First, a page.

Skip to main content
Premium Trial:

Request an Annual Quote

Researchers Design Low-Pass WGS Technique to Analyze Copy Number in Degraded Samples


NEW YORK (GenomeWeb) – Researchers at the VU University Medical Center in Amsterdam have designed a low-pass whole-genome sequencing technique especially suited for analyzing copy number variation in DNA from formalin-fixed paraffin-embedded tissue.

The method was published in Genome Research this month, and relies on single-end 50 bp sequencing and incorporates a correction step in the bioinformatics pipeline to account for GC bias and repetitive regions. According to lead author Ilari Scheinin, at the time the study was conducted one year ago, the method cost approximately €200 ($257) per sample, and the goal is to use it on clinical cancer samples to quickly identify copy number variations.

Scheinin, who is now an independent bioinformatics consultant with Quiwaes in Finland, told In Sequence that historically the VU University Medical Center lab had used array CGH to analyze copy number variation from archival cancer tissue. But with the development of sequencing technologies, experiments increasingly began moving from arrays to next-generation sequencing, and "we wanted to see what we could do in terms of copy number and sequencing technology," he said.

Methods for analyzing copy number using NGS come in four different categories, Scheinin said: assembly-based methods, which don't require a reference to align reads to but are generally costly because they require high sequence coverage; split-read and read-pair, which work best with longer DNA fragments so are not ideal for FFPE samples; and depth of coverage methods, which infer copy number from the sequence depth and do not require both ends of the molecule to be sequenced.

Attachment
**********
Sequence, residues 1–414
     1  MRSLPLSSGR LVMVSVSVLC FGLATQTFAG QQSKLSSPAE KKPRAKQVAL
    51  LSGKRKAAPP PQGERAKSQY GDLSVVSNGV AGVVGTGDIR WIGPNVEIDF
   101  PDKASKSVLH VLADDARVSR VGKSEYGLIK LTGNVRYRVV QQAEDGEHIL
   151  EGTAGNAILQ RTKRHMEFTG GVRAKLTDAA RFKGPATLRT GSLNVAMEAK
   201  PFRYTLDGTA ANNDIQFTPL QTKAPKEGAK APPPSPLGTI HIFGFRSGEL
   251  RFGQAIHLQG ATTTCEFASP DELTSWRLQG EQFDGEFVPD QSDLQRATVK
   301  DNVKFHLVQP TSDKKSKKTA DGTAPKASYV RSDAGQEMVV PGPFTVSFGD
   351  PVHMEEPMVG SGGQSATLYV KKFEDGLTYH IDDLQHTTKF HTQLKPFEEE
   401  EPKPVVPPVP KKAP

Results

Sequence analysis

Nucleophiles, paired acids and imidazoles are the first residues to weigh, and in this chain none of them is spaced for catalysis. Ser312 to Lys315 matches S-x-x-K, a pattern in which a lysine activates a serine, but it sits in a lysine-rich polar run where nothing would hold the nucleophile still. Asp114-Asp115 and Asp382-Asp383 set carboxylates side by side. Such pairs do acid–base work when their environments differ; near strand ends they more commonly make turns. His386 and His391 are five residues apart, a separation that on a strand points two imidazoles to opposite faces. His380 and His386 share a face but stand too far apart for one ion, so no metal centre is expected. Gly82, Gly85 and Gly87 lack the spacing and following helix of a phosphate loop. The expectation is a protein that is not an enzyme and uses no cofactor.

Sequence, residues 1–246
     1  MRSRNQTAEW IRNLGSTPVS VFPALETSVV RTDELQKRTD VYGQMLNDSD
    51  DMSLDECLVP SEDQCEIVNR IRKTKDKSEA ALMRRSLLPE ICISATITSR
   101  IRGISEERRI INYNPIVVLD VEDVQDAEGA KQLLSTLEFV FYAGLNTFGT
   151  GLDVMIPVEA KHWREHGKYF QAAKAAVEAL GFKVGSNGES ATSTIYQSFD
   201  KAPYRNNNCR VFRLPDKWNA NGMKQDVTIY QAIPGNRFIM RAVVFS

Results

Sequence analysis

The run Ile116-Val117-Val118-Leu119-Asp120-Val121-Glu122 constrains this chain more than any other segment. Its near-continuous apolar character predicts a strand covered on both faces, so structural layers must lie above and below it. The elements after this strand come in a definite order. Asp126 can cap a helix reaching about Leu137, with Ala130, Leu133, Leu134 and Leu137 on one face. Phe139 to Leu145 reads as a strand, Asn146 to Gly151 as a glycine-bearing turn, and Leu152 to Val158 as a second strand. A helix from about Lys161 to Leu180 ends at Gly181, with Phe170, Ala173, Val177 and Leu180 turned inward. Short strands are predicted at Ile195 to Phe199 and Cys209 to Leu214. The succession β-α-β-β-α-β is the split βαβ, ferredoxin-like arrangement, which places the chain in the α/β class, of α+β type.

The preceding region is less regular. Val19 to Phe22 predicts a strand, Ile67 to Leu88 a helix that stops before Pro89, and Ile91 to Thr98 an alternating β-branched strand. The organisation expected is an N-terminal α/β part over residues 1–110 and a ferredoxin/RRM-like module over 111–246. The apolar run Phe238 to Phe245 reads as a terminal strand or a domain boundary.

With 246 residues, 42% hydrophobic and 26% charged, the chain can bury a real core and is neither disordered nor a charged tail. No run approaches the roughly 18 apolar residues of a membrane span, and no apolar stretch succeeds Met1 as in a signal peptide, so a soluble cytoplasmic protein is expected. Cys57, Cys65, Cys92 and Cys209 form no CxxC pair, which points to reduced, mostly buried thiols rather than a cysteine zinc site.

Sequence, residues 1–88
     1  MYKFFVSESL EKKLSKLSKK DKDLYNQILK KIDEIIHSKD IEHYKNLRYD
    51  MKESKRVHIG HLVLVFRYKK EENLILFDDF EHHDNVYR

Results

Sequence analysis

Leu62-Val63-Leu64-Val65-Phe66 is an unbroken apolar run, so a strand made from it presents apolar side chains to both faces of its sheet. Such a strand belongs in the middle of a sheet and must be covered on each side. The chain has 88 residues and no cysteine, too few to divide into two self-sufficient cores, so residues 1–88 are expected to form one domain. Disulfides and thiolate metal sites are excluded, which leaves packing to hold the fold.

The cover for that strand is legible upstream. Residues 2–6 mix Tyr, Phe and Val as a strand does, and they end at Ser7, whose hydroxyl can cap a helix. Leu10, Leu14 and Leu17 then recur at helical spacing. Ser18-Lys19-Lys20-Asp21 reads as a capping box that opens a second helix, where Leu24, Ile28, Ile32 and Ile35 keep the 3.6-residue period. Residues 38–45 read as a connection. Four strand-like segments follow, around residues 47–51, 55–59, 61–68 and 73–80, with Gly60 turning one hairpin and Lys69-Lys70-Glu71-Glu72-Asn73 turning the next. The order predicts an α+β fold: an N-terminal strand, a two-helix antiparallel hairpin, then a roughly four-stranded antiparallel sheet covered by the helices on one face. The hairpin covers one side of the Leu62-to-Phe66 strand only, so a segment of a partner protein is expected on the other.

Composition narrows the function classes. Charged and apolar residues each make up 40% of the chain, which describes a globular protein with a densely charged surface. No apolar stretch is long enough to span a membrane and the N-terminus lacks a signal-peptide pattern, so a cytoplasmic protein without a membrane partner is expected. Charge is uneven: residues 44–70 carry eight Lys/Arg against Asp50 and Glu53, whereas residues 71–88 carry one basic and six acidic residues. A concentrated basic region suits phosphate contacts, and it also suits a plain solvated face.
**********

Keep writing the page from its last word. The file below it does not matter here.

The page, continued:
Scheinin said that the existing methods in these categories were designed for different types of experiments than what his group wanted to run. "We were working mostly with paraffin," he said. In addition, the lab was analyzing large sets of archived samples, whereas many of the other methods were designed for groups looking at smaller numbers of patients and were also focused on identifying all the mutations in the cancer genome, not just copy number.

"Our starting point, was that the method has to be robust enough to work with paraffin and degraded DNA, and it has to be as cost efficient as possible to analyze large sets of samples," Scheinin said.

The method falls into the depth of coverage category, with a few key differences. Rather than paired-end sequencing, it uses single-end sequencing with reads only 50 bp long. The shorter read length allows the method to work better on fragmented DNA, he said, while also reducing the cost and sequence time.

Similar to other depth of coverage methods, this one uses a binning approach. In this case, the researchers first divided the human reference genome into 15 kbp bins. Of those, 12,893 bins were removed because they were composed of uncharacterized bases, leaving 179,187 autosomal bins.

The other main differences are in the way that the data is processed, he said. The researchers developed a bioinformatics approach, dubbed QDNA-seq, that incorporates a correction step for GC bias, which affects raw read counts, and mappability of repetitive regions. While other methods also employ correction steps, they typically do them sequentially and independently of each other, Scheinin said. "Independent correction for GC and mappability is appropriate only if these two factors do not interact in their effects on read counts," the authors wrote.